As there are “structures of sin” so there are “structures of grace.” Yet grace is not merely the reverse side of sin. If evil is a “force,” so grace is a “power for good.” In Christian faith, grace has an ultimacy that sin does not. As Saint Paul insists, “where sin increased, grace abounded all the more” (Romans, 5:20). Just as “all have sinned,” so all may receive and mediate grace. Grace is the gift of God’s self-communication, so that all human beings may share the very life of God.
Therefore no area of human life lies outside the scope of grace. In this world where goodness is always in part an active resistance to evil, political and economic life either tends towards what the theologian Rowan Williams calls “the perfect justice of mutual dependence in communion” or it embodies the realities of sin, as discussed above. More precisely, avoiding any crude binary scheme, our lives are invariably caught up in processes where both good and evil co-exist and conflict.
This conflict between “sin” and “grace” works out in secular terms and crosses all human boundaries. Thus corporations may despoil the land, may pay their workers unfairly for carrying out dirty and dangerous tasks, may siphon off excess profit while evading tax and customs obligations. Within these same corporations, active counter-forces will promote socially and environmentally responsible practices.
Local peoples defending their communities, and civil society organisations working with them, may inspire us with their dedication and courage. But, “all have sinned,” and local leaders may seek their individual gain at the expense of others, and be bought off by corporate wealth.
Civil society organisations face their own temptations to dishonesty or self-aggrandisement, may neglect local consultation, may descend on communities and disempower them.
Governmental and other regulatory bodies are indispensable: where they are ineffective, the resource sector is vulnerable to endless corruption and malpractice. But politicians and officials too can sometimes put first their own interests and their own power.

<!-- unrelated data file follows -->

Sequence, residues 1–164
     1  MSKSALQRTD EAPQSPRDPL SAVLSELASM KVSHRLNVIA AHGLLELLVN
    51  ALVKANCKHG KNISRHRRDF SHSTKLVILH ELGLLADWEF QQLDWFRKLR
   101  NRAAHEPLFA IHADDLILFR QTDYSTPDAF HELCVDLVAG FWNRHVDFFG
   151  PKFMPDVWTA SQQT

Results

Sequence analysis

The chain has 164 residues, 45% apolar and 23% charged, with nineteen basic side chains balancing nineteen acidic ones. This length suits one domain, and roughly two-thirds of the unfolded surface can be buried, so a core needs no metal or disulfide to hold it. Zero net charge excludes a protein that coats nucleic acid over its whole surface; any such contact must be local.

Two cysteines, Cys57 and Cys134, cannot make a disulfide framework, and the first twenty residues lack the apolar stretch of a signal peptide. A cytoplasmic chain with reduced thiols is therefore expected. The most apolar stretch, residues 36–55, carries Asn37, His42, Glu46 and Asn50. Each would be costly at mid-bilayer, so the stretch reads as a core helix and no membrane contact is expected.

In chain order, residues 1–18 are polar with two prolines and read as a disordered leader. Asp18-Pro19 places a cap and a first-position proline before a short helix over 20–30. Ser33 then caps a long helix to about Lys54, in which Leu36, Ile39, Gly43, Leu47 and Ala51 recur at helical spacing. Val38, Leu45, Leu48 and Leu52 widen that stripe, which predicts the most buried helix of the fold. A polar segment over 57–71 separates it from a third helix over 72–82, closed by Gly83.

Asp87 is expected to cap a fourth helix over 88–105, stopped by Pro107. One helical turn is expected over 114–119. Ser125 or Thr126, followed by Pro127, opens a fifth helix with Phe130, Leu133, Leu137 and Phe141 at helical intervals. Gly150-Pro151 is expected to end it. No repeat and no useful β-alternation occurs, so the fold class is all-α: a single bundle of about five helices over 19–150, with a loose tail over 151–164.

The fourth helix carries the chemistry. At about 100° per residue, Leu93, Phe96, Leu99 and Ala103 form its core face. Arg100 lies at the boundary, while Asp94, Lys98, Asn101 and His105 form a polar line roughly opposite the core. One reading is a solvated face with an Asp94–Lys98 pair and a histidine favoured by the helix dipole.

As individual persons we may aspire to an equitable international economic order, whilst remaining attached to our unearned economic privileges, and so resisting any change not in our own immediate interests.
To take both sin and grace seriously, implies remaining open to our own further conversion. To remain free from illusions about our own virtue and our own social impact is itself a graced struggle.
Hope, Tragedy, Liberation
The faith that “grace abounded the more” is not naive. Saint Paul makes his argument in the light of the Resurrection of Christ, without ever minimising the horror of the crucifixion that is “a scandal to the Jews and foolishness to the gentiles” (1 Corinthians 22-25).
Struggle in the power of grace to “repair the world” (in this case the industrial-commercial world of resource extraction), offers no escape from tragedy. Untold thousands of lives have been sacrificed throughout history to mining: in every country through unsafe conditions and avoidable accidents; in many countries through endemic violence in environments where corporate or military power operates under too little constraint or regulation, and where corporations may even employ illegal armed groups to protect their investment, may poison so as to destroy both human health and vital fish and animal stocks.
This “realism” in no way implies that efforts towards justice are futile. Coal mining is dangerous everywhere. But it is less dangerous in the USA in 2015 than in 1915: and less dangerous in the USA today than in China or Russia. Environmental disasters afflict many regions of the world, yet the impact on the affected communities, and the responses of the governments and corporations, differ dramatically according to region.
Advocacy makes a decision for hope. Any campaign may seem implausible in a world where 80% of the world’s resources are commandeered by the richest 20% of the world’s population, where this quasi-monopoly of power is converted into dominance of international regulatory bodies, and where so much consumption by this 20% quickly becomes waste. Yet the theological virtue (and grace) of hope seeks and finds ways of promoting the human good of, and limiting the harm to, those who suffer most. This is always possible.
The way we see the world matters. Those who see and understand that the resources of the world are for the people of the world will be faithful in working for the “order” that rejects fundamental disorder.
We continue to live in the world eloquently described by Saint Paul in Romans 8: 22-25:
“We know that the whole creation has been groaning in labour pains until now; and not only the creation, but we ourselves, who have the first fruits of the Spirit, groan inwardly while we wait for adoption, the redemption of our bodies. For in hope we were saved. Now hope that is seen is not hope. For who hopes for what is seen? But if we hope for what we do not see, we wait for it with patience.”
Frank Turner, SJ is involved with the Jesuit European Social Centre as Secretary for European Affairs, engaging with European political structures in responding to social justice concerns in the EU and beyond. He has taught at universities in Manchester and London while living in areas of social deprivation. In the summer of 2014, he took up a one-year appointment as Professor of Catholic Social Thought at the Lane Center, University of San Francisco in San Francisco, California, USA.